Michael Castiglione, senior design manager, Kia Design Center America, points out that many SUVs today have been “rounded and softened for city life.” So when he and his colleagues in Irvine, California, took on the assignment to create the 2021 Sorento—the fourth generation of the three-row SUV, he says “the Kia Design team was inspired by the classic boxy SUV with crisp lines and an athletic stance.”
The 2021 Kia Sorento X-Line SX-Prestige AWD. Strong design. Not soft. (Images: Kia)
Castiglione also cites a strong crease that runs along the body side and wraps around the rear as another indicator of the “chiseled design” of the Sorento: sharp, not soft.
It’s not that this vehicle is likely to spend a whole lot of its existence crawling rocks—although one of the trim levels, the X-Line SX-Prestige AWD, includes standard torque-on-demand AWD with center locking differential and downhill descent control; an 8.3-inch ride height (1-inch higher than the other Sorento models); 20-inch alloy wheels (the largest wheels ever offered on a Sorento), so it can conceivably crawl—but the design team wanted an execution for the vehicle that speaks to “strength and luxury.”
Still Castiglione mentions that the Sorento has an “urban, friendly size,” which indicates where most of these are going to be found.
Chiseled, not rounded.
“I don’t think I’ve ever worked on a vehicle where trim levels contributed so much to its identity,” Castiglione says. For example, he notes that the X Line “begs to be covered in mud,” while the SX model, with the satin exterior trim elements, is something that he’d be “hesitant to get dirty.”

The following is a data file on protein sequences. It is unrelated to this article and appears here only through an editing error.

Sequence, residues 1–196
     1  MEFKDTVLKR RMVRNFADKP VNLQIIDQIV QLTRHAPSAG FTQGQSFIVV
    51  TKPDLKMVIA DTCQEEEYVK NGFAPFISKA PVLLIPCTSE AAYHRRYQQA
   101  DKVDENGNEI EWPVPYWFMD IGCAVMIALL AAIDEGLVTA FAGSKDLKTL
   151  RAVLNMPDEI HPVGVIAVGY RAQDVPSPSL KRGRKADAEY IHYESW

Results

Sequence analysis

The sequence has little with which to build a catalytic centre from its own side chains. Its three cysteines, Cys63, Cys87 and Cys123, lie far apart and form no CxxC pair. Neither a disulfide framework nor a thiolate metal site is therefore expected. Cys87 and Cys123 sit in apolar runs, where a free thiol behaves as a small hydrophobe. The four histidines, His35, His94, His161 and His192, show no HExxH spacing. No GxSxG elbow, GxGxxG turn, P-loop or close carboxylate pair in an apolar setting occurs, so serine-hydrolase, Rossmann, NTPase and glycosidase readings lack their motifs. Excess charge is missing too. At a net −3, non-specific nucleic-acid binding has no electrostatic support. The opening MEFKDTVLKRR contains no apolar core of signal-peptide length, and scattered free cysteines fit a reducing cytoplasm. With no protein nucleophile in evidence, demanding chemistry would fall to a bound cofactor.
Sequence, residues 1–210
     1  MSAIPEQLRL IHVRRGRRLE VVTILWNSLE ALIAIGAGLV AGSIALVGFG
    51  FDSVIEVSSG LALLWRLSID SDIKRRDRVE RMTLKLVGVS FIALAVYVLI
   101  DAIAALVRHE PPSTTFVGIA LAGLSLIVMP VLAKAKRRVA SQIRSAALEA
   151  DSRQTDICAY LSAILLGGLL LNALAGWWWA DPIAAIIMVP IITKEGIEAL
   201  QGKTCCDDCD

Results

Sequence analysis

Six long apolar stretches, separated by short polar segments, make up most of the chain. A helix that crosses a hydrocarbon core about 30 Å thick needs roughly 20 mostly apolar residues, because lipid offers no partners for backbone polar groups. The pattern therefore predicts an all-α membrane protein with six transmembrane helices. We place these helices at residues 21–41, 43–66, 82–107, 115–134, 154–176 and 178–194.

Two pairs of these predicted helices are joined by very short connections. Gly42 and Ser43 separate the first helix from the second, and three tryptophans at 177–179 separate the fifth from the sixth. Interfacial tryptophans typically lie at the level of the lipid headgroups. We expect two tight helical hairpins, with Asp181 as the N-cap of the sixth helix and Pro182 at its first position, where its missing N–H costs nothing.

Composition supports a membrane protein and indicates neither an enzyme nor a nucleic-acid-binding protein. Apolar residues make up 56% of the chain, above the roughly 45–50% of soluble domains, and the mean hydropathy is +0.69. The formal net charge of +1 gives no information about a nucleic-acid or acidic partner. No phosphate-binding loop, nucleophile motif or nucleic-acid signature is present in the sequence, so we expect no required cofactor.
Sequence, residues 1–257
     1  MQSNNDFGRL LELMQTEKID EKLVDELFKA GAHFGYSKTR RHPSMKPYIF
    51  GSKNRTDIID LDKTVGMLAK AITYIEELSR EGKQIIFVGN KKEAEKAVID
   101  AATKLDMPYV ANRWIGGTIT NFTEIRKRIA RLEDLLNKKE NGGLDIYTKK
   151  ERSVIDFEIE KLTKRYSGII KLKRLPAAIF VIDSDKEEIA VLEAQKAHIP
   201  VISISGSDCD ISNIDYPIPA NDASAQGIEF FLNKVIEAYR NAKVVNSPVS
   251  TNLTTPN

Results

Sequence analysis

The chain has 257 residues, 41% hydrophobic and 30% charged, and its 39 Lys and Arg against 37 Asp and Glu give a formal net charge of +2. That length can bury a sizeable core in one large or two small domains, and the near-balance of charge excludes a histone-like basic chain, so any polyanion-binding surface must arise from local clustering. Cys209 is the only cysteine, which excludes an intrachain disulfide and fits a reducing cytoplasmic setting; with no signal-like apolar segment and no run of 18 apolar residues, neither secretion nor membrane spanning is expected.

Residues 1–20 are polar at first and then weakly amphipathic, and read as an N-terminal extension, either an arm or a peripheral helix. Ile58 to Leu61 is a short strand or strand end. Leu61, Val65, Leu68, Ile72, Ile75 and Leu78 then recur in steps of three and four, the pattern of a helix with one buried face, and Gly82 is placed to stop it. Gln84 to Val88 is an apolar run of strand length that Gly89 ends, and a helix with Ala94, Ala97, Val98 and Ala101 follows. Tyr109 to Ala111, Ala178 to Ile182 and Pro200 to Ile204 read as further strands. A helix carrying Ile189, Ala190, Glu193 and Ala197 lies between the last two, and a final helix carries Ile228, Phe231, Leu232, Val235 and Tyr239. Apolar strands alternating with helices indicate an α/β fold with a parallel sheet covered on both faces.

Inside: tech meets ergonomic functionality.
For the past several years Kia designers have been putting a “tiger nose” front on the company’s vehicles, and it is no different for the ’21 Sorento. In this case, he says that the shape of the DRLs, thin strips of light, are meant to resemble “the white stripes under a tiger’s eyes.”
The tiger isn’t the only animal that is influential to the design of the Sorento. There is a shark fin shape on the C-pillar, and Castiglione says that that same triangular shape can be discerned in other areas (e.g., the roof-mounted spoiler).
Note the shark-fin shapes.
So You Know
At launch, to be later this year, with vehicles rolling out of the Kia plant in West Point, Georgia, there will be three powertrains offered:
- 191-hp, 2.5-liter four mated to an eight-speed automatic
- 281-hp, turbocharged 2.5-liter mated to an eight-speed wet dual clutch automatic
- 227 system hp from a turbocharged 1.6-liter and a 44-kW electric motor (yes, a hybrid); it is mated to a six-speed automatic.
Next year, according to Bill Peffer, Kia Motor America vice president of Sales Operations, a plug-in hybrid will also be available, with the 44-kW motor replaced with a 66.9-kW motor (and the hybrid’s 5 kWh battery replaced with an 8 kWh battery).
Here’s a look at how Johnson Controls creates leading interiors as well as cool ideas for clever products.
A young(ish) guy that I’ve known for a number of years, a man who spent the better part of his career writing for auto buff books and who is a car racer on the side, mentioned to me that his wife has a used Lexus ES Hybrid.
The thing about the Wrangler Willys Wheeler: It is a toy for a grown-up boy.